“It’s time for everybody to get their boots on the ground. It’s time to unite,” Horton told CBS News. “We can’t just sit on the sideline and complain about it.”

The coach and educator also helps players from predominantly underserved communities get exposure to college scouts while building awareness of Black baseball players thriving in the sport. “Seeing is believing,” Horton said.

Black Baseball Media already has success stories to point to, as two of its members will be playing college ball. As Horton wrote in a recent Instagram post, “The talent is definitely out here.”

In Other News

  1. California will make financial literacy a requirement for high schoolers, so they can “prepare for their financial futures as early as possible,” said Gov. Gavin Newsom.
  2. To help prevent falls in older adults, the U.S. Preventive Services Task Force released new guidelines with recommended exercises targeting gait and balance.
  3. Paul McCartney’s personal archive of photos he snapped in 1964 takes fans down memory lane — and shows Beatlemania in full force.
  4. For the first time at Northwestern Medicine, a patient received a kidney transplant while awake and saw what their new organ looked like before it was placed inside the body.
  5. No crab left behind: Conservationists are on a mission to protect the crustaceans that have called Rome’s underground canals home for centuries.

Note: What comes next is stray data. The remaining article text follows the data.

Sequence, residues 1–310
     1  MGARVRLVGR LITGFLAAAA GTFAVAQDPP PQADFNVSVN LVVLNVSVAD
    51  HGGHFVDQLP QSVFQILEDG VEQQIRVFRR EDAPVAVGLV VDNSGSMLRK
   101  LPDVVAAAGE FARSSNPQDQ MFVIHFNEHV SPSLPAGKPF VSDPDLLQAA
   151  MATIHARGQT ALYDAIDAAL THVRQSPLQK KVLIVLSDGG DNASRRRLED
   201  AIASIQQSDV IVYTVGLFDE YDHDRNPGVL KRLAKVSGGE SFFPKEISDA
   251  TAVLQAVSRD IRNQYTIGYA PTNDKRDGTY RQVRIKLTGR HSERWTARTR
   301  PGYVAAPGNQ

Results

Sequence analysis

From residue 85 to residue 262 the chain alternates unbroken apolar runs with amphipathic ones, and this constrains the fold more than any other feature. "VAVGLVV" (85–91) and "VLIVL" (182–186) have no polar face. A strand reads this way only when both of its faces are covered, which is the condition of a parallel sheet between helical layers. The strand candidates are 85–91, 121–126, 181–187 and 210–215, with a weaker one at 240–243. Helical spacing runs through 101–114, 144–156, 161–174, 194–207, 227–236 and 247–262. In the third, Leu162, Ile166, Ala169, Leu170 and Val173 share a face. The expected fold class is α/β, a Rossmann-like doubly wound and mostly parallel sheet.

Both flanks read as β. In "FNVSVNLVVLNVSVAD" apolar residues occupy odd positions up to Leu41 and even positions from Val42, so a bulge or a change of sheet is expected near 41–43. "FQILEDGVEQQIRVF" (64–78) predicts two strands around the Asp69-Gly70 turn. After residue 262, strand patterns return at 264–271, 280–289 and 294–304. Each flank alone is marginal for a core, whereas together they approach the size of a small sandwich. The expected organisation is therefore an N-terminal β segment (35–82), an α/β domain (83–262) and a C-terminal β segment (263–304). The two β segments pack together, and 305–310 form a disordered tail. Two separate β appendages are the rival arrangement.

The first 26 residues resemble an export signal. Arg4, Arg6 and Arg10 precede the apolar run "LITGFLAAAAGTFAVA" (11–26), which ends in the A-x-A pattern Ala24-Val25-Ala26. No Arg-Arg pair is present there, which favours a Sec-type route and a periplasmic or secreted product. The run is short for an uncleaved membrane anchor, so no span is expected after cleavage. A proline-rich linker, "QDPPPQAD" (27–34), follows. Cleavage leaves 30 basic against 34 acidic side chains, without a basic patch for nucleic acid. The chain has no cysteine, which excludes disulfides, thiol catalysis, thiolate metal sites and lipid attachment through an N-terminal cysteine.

Something We Love

Ripa Ripa Swim Shorts

Ripa Ripa is redefining Italian swimwear. The brand’s classic swim shorts, inspired by the aesthetics of the Mediterranean and the 1960s, were redesigned for a more elegant, tailored look and a comfortable fit. The soft, brushed fabric is quick-drying and has a distinctive cotton feel — and many of the patterns are drawn by hand.

Recommendations are independently selected by our team but may result in a commission to Nice News which helps keep our content free.

Inspiring Story

Seeing the world through his eyes

Completing a manuscript is no small feat for anyone, and Howard Wicks did just that under extraordinary circumstances: using only his eyes to type. The 29-year-old was diagnosed with locked-in syndrome after he suffered a stroke as a teen that left every muscle in his body paralyzed, except those in the eye region. Recently, Wicks finished a 50,000-word autobiography with the help of an eye-tracking device. “It was a cathartic experience,” he said.

Photo of the Day

In a scene shared by the Department of the Interior that looks straight out of a watercolor painting, the pink salt flats at the Cabo Rojo National Wildlife Refuge in Puerto Rico showcase their pretty cotton candy-like hue, the result of algae, bacteria, salt, and water. Check out more pink destinations around the world.

Shaving Never Felt So Good

There’s a lot to like about Western Razor: The products are 100% made in the USA, plastic-free, easy to use, and help you save money in the long run thanks to affordable replacement blades. The razors aren’t just high-quality, they’re “give it to your grandkid” quality — embodying the company’s commitment to delivering the best shaving products around.*

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Odds & Ends

🏠 So that’s why millennials love gray home decor

☂️ A museum for umbrella covers? Why not!

👗 Clothing donation made easy*

🐶 World’s best doggie grandpa

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Quote of the Day

“Dreams are the touchstones of our characters.”